[Changes of microarousal in OSAS patients during CPAP].Zhonghua Jie He He Hu Xi Za Zhi. 2001 Feb; 24(2):96-8.ZJ
To study the mechanism of microarousal, its clinical meaning and value in the diagnosis and treatment of sleep apnea-hypopnea syndrome (SAHS).
270 snorers (218 men, 58 women) mean aged 48 years underwent standard polysomnography (PSG), from which AHI, sleep latency (SL), number of oxygen desaturation >/= 4% per hour (ODI(4)) and microarousal index (MAI) were calculated. The overnight PSG recordings were also repeated during nCPAP in 28 patients, who have filled in the Epworth Sleep Score (ESS) before and after the treatment to evaluate the improvement of daytime sleepiness.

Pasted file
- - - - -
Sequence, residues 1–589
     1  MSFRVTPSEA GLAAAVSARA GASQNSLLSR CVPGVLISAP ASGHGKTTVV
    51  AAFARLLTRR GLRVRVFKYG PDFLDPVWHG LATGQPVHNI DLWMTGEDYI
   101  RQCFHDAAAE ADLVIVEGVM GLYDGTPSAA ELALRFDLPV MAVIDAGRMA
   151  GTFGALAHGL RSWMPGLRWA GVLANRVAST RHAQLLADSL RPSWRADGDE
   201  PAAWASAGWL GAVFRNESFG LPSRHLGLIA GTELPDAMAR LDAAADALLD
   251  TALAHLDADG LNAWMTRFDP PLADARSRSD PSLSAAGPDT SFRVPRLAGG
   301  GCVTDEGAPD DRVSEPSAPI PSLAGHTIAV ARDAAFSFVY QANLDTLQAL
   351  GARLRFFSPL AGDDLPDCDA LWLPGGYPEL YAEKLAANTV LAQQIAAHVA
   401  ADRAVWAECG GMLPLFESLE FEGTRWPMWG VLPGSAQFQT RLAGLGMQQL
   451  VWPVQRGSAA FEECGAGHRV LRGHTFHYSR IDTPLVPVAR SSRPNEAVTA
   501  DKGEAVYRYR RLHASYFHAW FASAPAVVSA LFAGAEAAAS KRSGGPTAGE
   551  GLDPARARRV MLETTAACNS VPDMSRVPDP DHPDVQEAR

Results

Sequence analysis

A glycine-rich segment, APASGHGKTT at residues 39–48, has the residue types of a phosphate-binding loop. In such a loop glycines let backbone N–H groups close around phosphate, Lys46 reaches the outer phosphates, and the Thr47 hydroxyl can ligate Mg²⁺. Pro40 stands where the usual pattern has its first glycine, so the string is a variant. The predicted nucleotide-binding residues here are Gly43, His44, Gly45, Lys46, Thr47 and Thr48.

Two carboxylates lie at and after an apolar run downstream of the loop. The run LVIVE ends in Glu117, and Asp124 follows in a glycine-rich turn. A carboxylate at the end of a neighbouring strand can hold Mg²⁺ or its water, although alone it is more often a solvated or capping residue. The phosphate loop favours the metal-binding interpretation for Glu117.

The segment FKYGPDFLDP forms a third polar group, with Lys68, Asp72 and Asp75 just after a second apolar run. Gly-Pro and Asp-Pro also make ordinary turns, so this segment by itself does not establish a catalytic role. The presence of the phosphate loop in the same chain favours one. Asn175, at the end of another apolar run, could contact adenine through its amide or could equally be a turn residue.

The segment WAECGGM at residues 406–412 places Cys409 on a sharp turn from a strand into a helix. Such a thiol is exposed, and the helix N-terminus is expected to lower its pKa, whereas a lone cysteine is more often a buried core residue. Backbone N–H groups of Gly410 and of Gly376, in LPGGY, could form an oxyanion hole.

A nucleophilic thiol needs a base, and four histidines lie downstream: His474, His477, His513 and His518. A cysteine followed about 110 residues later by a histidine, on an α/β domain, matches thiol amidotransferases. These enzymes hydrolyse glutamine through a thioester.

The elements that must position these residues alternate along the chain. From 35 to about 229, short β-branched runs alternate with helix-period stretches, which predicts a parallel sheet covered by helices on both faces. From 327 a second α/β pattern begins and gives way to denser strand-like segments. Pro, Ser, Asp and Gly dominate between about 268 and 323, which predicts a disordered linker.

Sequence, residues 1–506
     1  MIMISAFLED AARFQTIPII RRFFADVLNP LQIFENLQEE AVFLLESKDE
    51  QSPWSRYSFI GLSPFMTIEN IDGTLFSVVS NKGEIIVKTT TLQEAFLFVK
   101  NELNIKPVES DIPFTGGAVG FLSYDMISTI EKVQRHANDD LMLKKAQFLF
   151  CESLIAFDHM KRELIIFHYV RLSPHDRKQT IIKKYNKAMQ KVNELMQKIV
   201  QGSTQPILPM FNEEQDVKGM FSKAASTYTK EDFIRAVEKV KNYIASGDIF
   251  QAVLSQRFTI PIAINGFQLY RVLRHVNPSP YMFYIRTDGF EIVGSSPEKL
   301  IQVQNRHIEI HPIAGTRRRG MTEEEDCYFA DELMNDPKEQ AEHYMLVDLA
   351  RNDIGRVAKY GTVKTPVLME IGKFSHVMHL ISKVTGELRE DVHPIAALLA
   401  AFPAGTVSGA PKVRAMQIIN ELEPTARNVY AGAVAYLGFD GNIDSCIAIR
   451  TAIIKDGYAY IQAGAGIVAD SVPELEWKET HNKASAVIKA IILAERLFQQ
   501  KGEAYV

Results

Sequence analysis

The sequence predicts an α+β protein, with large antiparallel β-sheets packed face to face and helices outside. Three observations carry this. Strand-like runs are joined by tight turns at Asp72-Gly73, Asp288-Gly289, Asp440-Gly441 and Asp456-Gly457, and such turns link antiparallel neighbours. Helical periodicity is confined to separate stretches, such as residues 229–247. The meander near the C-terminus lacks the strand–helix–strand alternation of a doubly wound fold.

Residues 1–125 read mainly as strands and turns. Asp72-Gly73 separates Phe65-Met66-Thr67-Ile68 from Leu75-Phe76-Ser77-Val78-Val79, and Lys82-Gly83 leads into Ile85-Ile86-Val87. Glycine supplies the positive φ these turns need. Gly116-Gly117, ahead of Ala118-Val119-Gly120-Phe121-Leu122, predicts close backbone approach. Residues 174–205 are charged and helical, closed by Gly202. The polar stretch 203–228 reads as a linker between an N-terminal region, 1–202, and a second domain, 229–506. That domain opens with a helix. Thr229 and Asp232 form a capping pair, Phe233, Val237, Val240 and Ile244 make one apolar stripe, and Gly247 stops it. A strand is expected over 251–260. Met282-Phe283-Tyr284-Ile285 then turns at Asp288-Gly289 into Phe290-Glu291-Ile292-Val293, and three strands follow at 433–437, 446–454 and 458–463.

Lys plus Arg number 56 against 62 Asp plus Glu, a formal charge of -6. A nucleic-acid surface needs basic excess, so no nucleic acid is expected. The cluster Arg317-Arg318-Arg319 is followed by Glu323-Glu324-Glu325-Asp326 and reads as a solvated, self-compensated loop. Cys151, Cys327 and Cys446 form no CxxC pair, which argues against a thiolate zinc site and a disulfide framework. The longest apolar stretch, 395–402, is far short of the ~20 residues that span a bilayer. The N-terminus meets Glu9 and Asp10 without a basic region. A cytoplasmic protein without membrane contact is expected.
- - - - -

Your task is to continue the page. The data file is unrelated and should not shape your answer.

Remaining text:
Of the 270 snorers, there were 247 SAHS patients. Their AHI, ODI(4), MAI and SL were (43 +/- 27)/h, (44 +/- 23)/h, (29 +/- 16)/h and (12 +/- 17) min, respectively. AHI and MAI, ODI(4) and MAI were both positively correlated (r = 0.38, both P < 0.001). MAI and SL were negatively correlated (r = -0.15, P = 0.02), while AHI and SL, ODI(4) and SL were not correlated (r = -0.09, -0.02, P > 0.1). Of the 28 patients after CPAP, ODI(4) decreased from (48 +/- 25)/h to (4 +/- 9)/h, MAI decreased from (27 +/- 18)/h to (15 +/- 9)/h. The ESS and SL indicated that subjective and objective sleepiness improved.
Microarousals with at least 3 seconds EEG changes can be scored by computerized EEG analysis. MAI can reflect the severity of daytime sleepiness. MAI is complementary to AHI in the diagnosis and treatment of SAHS. After nCPAP, the patients' MAIs decreased and daytime sleepiness improved.